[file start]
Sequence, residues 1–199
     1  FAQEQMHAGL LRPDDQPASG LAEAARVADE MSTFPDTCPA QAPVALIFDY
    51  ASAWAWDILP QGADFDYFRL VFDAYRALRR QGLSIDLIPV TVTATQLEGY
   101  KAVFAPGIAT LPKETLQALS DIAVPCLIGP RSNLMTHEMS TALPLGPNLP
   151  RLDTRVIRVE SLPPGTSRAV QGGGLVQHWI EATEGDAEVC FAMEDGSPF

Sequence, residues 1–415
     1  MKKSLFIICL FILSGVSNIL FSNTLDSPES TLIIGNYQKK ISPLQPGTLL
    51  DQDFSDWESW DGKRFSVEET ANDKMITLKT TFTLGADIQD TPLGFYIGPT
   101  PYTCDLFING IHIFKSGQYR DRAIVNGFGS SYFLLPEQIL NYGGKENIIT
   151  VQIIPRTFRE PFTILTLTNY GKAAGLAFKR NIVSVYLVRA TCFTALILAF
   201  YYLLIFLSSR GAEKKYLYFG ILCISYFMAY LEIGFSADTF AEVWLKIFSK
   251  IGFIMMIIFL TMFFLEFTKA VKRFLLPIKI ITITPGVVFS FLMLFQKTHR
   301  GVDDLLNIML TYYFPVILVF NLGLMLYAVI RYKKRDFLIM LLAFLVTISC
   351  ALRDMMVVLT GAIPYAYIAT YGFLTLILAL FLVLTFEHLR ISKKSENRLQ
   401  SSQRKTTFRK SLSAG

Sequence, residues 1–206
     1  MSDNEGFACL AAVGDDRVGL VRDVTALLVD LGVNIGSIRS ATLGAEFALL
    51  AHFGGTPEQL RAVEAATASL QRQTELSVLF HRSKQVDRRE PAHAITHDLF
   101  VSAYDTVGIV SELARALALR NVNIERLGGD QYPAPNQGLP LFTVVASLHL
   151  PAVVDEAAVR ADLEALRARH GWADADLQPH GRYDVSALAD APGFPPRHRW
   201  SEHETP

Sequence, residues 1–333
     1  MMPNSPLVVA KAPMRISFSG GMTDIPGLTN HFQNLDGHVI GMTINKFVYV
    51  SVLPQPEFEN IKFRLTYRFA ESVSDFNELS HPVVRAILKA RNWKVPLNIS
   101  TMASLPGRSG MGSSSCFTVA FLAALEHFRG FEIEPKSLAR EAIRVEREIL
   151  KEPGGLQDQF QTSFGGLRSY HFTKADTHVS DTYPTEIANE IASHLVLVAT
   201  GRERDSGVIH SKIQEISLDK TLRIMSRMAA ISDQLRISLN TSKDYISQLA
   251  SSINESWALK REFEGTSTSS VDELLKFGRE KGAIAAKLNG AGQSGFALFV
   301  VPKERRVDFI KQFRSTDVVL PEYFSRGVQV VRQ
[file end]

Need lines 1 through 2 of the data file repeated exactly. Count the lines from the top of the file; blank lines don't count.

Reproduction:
Sequence, residues 1–199
     1  FAQEQMHAGL LRPDDQPASG LAEAARVADE MSTFPDTCPA QAPVALIFDY